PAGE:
Is it a good idea to take dietary supplements while going through active cancer treatment? It’s a gray area. Some doctors say patients should hold off, at least while undergoing chemotherapy. But some practitioners in complementary or integrative medicine support the use of certain dietary supplements – such as vitamin D, mushroom extracts, green tea and curcumin – in certain cases, saying they may have cancer-fighting properties and reduce treatment side effects.
Research is still evolving, but several points are clear: If used at all, supplements should be taken along with – not substitute for – standard cancer treatment. Also, it’s safer when patients tell their doctors about supplements they use. In return, doctors build more trust when they communicate about dietary supplements with an open, informed, patient-centered approach.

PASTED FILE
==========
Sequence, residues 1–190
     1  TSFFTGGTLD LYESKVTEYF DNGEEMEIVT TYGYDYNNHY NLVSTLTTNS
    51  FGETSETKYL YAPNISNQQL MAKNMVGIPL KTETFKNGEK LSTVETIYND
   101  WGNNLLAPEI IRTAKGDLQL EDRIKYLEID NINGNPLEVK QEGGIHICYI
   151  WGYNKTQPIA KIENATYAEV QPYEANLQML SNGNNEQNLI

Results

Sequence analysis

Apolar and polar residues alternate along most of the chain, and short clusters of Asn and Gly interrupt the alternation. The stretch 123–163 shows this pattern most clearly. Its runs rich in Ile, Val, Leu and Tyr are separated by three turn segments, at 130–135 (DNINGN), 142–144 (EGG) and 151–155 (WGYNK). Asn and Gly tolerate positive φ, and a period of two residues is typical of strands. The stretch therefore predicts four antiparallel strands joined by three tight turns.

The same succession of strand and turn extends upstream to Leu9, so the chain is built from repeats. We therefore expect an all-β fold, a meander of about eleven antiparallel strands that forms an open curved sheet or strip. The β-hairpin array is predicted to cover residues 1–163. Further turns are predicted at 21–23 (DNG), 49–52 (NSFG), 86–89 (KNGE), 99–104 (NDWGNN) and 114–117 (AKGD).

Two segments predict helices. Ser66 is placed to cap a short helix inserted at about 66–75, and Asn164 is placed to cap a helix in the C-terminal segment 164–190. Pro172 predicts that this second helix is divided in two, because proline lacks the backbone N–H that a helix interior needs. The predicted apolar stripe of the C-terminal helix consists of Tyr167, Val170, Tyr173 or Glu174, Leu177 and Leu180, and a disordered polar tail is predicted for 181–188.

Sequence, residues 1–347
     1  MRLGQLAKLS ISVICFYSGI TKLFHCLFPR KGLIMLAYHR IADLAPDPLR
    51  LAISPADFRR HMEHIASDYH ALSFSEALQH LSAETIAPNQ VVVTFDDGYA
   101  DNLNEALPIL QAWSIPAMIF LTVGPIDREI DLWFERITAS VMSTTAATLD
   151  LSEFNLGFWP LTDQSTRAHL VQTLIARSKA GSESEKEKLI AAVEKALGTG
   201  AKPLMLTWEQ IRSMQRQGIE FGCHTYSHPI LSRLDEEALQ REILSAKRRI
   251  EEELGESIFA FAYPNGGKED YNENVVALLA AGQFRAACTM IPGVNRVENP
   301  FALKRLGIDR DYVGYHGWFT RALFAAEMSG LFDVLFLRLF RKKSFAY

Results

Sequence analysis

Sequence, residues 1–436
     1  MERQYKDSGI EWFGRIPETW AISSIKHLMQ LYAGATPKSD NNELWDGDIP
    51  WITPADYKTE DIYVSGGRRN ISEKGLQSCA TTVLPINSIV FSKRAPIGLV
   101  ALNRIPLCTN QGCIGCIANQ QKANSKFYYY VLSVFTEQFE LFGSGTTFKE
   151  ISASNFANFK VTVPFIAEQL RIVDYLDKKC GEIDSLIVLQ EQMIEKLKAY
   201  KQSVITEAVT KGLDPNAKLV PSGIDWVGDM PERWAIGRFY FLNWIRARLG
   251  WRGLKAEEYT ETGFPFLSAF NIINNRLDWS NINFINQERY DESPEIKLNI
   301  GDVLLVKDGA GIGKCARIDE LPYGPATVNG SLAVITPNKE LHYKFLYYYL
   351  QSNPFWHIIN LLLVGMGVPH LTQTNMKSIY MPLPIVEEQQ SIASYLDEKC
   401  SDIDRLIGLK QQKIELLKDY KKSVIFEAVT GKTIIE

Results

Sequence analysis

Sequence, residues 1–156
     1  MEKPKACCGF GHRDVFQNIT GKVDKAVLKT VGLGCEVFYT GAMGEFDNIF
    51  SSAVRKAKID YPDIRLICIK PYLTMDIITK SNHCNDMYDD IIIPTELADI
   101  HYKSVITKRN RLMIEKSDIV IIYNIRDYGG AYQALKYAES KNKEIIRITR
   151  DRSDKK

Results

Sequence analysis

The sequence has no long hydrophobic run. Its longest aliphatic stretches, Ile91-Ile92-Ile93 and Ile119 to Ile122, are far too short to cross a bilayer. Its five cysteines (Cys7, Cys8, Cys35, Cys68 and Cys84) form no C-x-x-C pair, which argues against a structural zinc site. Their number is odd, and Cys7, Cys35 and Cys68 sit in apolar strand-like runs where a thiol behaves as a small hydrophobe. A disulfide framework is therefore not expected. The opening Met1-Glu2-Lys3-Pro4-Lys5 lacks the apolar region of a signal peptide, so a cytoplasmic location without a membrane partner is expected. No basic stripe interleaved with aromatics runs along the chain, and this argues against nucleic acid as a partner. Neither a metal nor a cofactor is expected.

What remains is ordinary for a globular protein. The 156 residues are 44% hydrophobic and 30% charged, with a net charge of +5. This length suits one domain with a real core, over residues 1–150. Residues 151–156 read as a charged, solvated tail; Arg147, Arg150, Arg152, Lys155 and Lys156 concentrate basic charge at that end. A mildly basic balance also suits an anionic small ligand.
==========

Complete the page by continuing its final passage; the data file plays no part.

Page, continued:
Estimates vary, but studies suggest up to 87 percent of women treated for breast cancer take dietary supplements. In general, the bottom line is that many cancer patients use supplements – doctor-recommended or not.